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Trigeminal Neuralgia

Trigeminal neuralgia is a chronic pain condition that affects the trigeminal nerve, which carries sensation from your face to your brain. If you have trigeminal neuralgia, even mild stimulation of your face — such as from brushing your teeth or putting on makeup — may trigger a jolt of excruciating pain. Trigeminal Neuralgia affects the 5th cranial nerve called the trigeminal nerve.


Trigeminal neuralgia has many symptoms, a person may experience one or more of these symptoms to be diagnosed with trigeminal neuralgia:

  • Episodes of severe, shooting, or jabbing pain that may feel like an electric shock. 
  • Pain that is triggered by touching the face, chewing, speaking, or brushing teeth.
  • Spasm-like pain, burning, or aching in the cheek, jaw, teeth, lips, and sometimes eye and forehead.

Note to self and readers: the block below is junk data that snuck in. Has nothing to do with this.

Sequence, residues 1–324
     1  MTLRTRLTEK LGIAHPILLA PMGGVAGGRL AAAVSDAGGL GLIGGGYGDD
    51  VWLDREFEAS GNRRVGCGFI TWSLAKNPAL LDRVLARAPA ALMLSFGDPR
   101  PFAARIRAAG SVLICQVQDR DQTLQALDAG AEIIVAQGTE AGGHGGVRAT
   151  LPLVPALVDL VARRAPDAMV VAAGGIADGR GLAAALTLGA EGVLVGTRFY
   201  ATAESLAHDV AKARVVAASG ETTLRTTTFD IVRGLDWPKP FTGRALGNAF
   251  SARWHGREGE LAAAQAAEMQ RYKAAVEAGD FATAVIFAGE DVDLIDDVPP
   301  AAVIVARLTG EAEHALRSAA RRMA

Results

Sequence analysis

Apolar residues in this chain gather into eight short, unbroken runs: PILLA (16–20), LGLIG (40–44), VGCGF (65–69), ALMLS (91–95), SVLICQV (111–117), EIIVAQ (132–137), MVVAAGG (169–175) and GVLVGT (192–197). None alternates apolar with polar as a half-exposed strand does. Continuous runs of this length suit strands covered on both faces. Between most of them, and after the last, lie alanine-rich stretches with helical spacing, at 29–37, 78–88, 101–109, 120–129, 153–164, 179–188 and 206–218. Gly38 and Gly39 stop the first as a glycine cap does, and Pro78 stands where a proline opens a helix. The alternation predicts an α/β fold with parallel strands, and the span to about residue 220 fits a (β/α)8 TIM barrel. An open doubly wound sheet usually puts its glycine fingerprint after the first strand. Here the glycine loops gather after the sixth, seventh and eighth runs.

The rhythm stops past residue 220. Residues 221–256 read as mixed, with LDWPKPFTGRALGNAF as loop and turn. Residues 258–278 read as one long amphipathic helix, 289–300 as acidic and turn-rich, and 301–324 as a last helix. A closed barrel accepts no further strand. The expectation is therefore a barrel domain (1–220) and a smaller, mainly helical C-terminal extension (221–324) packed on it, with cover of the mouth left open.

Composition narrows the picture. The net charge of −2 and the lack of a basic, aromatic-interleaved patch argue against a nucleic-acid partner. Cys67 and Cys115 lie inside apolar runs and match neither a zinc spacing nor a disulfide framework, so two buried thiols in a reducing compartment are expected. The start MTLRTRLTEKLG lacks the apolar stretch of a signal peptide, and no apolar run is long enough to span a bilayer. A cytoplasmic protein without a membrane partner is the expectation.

Most often trigeminal neuralgia occurs on one side of the face. Pain can be focused in one spot on the face or widespread. Attacks may become more frequent or the intensity may change over time. Pain can last from a few seconds to several minutes, in very severe cases of trigeminal neuralgia episodes of pain can last days, weeks, or months.

In trigeminal neuralgia, the trigeminal nerve’s function is disrupted. Usually, the problem is contact between a normal blood vessel — in this case, an artery or a vein — and the trigeminal nerve at the base of your brain. This contact puts pressure on the nerve and causes it to malfunction.

Trigeminal neuralgia can occur as a result of aging, or it can be related to multiple sclerosis or a similar disorder that damages the myelin sheath protecting certain nerves. Trigeminal neuralgia can also be caused by a tumor compressing the trigeminal nerve. Some people may experience trigeminal neuralgia due to a brain lesion or other abnormalities. In other cases, surgical injuries, stroke or facial trauma may be responsible for trigeminal neuralgia.

Treatments include nerve pain medications such as carbamazapine, baclofen, and Phenytoin. Steroid injections can be used to decrease the inflammation around the nerve. Finally, there are surgical options, these are very invasive for the patient

Are you ready to stop living life in pain?